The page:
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Extreme Politeness Is Insufficient Probable Cause for Search
In a case where a motorist was searched during a routine traffic stop, because of being too polite, and a .40 caliber Sig Sauer along with a little bag of marijuana seized, the Ohio Court of Appeals has suppressed the evidence.
The police submitted that they decided to search Joshua A. Fontaine because of his too polite behavior, which raised their suspicion – but the court held someone cannot be searched for just being too polite.
In the instant case, Ohio State Highway patrolman Jared Hasler was running a speed trap on a stretch of the road where the speed limit is 35 MPH. His radar gun clocked Fontaine speeding at 45 MPH and he was pulled over.
As soon as he was pulled over, Fontaine readily and cheerfully handed over his license, proof of insurance and registration, causing the officer to suspect that everything was not alright.
A drug dog was brought over to sniff Fontaine’s car and then he was ordered out of his car and the searched for weapons.
The patrolman testified, “While speaking to Mr. Fontaine I felt that his body language and his behavior was a little bit unusual … He was extremely – like almost overly polite, and he was breathing heavily at times while I was talking to him.”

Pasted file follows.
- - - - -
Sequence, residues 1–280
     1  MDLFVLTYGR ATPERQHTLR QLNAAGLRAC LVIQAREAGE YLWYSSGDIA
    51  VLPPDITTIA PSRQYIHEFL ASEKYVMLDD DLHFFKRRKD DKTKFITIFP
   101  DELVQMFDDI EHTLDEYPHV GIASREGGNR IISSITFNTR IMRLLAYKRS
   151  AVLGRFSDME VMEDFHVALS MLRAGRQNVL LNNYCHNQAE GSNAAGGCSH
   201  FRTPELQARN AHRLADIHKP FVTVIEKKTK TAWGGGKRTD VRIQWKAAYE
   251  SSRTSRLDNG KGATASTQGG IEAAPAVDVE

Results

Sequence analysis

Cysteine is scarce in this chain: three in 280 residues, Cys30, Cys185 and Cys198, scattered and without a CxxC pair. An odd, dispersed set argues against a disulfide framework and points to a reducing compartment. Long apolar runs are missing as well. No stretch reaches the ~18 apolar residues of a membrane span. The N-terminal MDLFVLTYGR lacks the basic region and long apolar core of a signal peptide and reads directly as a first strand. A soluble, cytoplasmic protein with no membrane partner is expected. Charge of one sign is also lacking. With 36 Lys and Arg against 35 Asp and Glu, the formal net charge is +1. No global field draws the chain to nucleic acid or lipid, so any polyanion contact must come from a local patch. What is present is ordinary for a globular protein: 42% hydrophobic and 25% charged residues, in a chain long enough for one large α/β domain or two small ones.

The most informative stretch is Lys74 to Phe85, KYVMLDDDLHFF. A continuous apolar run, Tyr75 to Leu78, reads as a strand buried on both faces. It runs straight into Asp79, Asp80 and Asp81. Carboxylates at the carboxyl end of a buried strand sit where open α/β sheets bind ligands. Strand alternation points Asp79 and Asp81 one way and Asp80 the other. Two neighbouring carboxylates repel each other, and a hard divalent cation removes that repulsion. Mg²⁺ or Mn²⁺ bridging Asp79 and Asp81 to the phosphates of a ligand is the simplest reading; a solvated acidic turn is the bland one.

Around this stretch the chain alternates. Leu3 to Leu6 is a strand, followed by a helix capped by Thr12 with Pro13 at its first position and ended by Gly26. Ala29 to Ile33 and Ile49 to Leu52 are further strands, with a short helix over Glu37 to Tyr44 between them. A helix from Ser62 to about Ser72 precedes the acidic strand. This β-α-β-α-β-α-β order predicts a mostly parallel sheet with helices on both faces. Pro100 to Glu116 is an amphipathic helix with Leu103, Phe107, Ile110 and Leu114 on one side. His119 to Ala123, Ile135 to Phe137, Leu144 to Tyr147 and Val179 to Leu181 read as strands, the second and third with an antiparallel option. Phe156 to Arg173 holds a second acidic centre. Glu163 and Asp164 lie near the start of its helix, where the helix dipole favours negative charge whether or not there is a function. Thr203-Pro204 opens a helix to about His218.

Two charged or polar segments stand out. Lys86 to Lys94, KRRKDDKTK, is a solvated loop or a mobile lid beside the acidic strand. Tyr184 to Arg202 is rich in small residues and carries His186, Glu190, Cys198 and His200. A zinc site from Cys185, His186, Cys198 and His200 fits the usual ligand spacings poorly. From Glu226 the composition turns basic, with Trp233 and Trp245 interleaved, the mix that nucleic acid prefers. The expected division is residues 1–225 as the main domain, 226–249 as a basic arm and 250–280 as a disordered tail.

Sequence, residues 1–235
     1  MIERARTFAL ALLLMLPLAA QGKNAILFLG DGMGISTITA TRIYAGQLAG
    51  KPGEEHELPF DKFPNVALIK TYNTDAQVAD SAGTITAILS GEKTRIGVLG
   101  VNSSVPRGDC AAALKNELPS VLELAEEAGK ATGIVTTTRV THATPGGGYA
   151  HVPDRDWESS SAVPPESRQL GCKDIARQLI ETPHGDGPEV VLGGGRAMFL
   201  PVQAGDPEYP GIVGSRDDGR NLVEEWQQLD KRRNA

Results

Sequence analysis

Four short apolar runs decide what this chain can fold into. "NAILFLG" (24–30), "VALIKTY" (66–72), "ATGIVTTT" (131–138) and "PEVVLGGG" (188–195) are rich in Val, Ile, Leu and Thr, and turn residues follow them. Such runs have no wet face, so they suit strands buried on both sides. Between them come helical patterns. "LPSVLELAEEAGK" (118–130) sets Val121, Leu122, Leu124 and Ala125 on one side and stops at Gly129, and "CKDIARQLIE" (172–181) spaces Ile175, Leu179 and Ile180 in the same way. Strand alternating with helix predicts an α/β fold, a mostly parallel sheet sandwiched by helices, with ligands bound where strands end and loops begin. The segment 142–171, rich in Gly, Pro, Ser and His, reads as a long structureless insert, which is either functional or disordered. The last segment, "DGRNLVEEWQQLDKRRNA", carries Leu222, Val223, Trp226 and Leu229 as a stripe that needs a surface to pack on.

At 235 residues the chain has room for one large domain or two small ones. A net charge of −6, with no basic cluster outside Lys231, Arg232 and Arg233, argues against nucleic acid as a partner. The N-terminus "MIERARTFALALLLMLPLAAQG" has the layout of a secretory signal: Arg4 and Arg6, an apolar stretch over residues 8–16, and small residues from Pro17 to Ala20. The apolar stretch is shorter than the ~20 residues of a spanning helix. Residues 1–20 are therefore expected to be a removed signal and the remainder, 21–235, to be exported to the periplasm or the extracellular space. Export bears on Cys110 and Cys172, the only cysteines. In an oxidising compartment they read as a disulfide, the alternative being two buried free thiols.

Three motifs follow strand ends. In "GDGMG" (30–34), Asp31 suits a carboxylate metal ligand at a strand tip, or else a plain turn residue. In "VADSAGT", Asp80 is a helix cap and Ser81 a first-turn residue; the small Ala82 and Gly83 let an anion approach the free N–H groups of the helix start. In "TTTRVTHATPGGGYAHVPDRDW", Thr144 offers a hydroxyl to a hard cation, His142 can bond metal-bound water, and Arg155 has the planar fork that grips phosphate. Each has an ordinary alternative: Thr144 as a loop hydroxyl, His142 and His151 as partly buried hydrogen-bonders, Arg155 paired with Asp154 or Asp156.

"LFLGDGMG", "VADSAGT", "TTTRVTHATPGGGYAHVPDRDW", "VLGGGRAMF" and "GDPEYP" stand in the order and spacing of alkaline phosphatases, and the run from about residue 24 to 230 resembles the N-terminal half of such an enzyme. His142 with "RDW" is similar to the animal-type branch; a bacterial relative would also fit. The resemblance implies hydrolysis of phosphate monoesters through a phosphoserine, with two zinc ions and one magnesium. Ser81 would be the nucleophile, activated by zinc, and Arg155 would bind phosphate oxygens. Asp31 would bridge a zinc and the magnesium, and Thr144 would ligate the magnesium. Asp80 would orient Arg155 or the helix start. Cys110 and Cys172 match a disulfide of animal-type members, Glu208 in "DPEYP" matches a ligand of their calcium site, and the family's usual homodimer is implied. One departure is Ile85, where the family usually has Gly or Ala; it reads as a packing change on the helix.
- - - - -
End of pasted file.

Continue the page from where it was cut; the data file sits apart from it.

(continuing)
The three-judge panel considered only the issue of Fontaine’s Fourth Amendment rights being violated during his initial search, and found that once the warning for speeding was complete, the patrolman couldn’t justify the search for drugs without further evidence of criminal activity.
Writing for the appeals court, Judge Mary J. Boyle observed, “We agree with the trial court that ‘overly polite’ and ‘heavy breathing’ are not sufficient indicators that give rise to a reasonable suspicion of criminal activity.”
The court held the search violated Fontaine’s Fourth Amendment rights and allowed the seized evidence to be suppressed.Extreme Politeness Is Insufficient Probable Cause for Search by Scott